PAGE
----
On 21 February 2017 in New Delhi, India Lab Members met to review the new set of ideas submitted in response to the 2016-2017 cycle Call for Ideas that closed on December 23, 2016. The purpose of the meeting was to allow Members to explore the strengths and weaknesses of the top eight ideas, previously selected by Members from 72 submissions received, and to select the most promising three instruments to then undergo intense analysis and stress-testing through the Lab process. The meeting also provided an opportunity to discuss progress of the 2015-2016 instruments, updates, and strategic direction.
Introduction & Key Updates
To kick off the meeting, Mr. Krishan Dhawan, CEO of Shakti Sustainable Energy Foundation which hosts the India Lab, welcomed participants, and thanked the India Lab for its engaging and iterative work on innovative ideas aiming to drive more investment to meet India’s renewable energy and green growth targets. Dr. Gireesh Shrimali, Director of Climate Policy Initiative (CPI), India which serves as the Lab Secretariat, presented on the progress of the India Lab and spoke about the key highlights of the ideas selection phase, the goals of the meeting, and next steps. He also provided an overview of the screening process to refine the top ideas which Members voted to further narrow in the week leading up to the meeting. Ms. Sharmila Chavaly, Joint Secretary, Ministry of Finance, Govt. of India expressed appreciation for the India Lab’s efforts and emphasized the need for new and implementable instruments to help in driving much-needed capital for green infrastructure, and also laid emphasis on quick implementation of the 2015-2016 cycle instruments.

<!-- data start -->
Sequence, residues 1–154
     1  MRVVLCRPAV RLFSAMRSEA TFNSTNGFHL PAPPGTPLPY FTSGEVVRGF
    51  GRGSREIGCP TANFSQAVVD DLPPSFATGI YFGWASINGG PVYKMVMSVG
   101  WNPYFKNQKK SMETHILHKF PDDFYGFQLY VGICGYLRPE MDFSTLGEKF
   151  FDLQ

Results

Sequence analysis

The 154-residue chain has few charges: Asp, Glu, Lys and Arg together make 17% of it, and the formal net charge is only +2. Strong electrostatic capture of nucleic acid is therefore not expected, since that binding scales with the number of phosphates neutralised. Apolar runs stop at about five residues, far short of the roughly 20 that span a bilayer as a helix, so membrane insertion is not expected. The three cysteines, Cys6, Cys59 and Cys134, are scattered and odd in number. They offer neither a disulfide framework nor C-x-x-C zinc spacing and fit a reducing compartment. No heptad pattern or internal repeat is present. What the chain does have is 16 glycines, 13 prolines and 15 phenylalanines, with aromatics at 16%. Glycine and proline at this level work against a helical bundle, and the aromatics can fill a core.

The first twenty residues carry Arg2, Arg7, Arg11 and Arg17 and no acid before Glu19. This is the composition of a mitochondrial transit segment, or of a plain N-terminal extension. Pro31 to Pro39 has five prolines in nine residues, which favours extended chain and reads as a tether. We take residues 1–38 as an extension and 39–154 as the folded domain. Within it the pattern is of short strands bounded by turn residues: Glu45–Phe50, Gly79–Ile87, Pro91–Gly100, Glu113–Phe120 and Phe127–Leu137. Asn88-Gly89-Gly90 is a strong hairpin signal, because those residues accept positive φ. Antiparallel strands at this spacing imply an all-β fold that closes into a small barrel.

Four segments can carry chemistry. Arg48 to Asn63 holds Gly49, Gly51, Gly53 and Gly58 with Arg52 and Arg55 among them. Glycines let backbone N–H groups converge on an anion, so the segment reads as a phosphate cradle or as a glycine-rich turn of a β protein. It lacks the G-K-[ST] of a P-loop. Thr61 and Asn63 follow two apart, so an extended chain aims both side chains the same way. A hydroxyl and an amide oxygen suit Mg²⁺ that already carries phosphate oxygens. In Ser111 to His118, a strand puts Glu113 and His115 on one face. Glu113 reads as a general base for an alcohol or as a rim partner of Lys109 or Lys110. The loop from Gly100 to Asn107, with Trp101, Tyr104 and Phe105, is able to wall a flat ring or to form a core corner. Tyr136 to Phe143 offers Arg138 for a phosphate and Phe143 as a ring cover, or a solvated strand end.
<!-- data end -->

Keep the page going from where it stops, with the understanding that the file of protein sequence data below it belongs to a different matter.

The Lab Secretariat outlined the key elements of the top eight ideas, including alignment with India Lab criteria (innovative, actionable, catalytic, and financially sustainable), the overarching transformative potential of each instrument for generating private-sector investment, potential impacts, and the implementation plans. Proponents for each of the top eight ideas were invited to participate in the selection meeting, to answer Members’ questions, and clarify points which were not explicit in their initial submissions.
Following the discussion, Members voted to select three instruments to move forward for further analysis and development, based on collective votes and discussion of relative strengths and weaknesses:
|Solar Energy Investment Trust||Key Comments|
|Proposed by CleanMax Enviro Energy Solutions, the goal of this idea is to attract a large amount of domestic capital at a lower rate for the small scale industrial and residential rooftop solar sectors, via a special fund called an Investment Trust (InVIT).
|Strengths: The potential of this idea is immense as it can attract large-scale commercial and institutional capital into the rooftop solar sector, which is in need of long term debt capital at a reasonable rate. It is estimated that India’s rooftop solar sector needs ~$40 billion of capital to achieve the government of India’s target of achieving 40GW of rooftop solar capacity by 2022. If the InVIT business model demonstrates the commercial viability of the sector, it can unlock large scale institutional investors’ capital. This model is both scalable and replicable.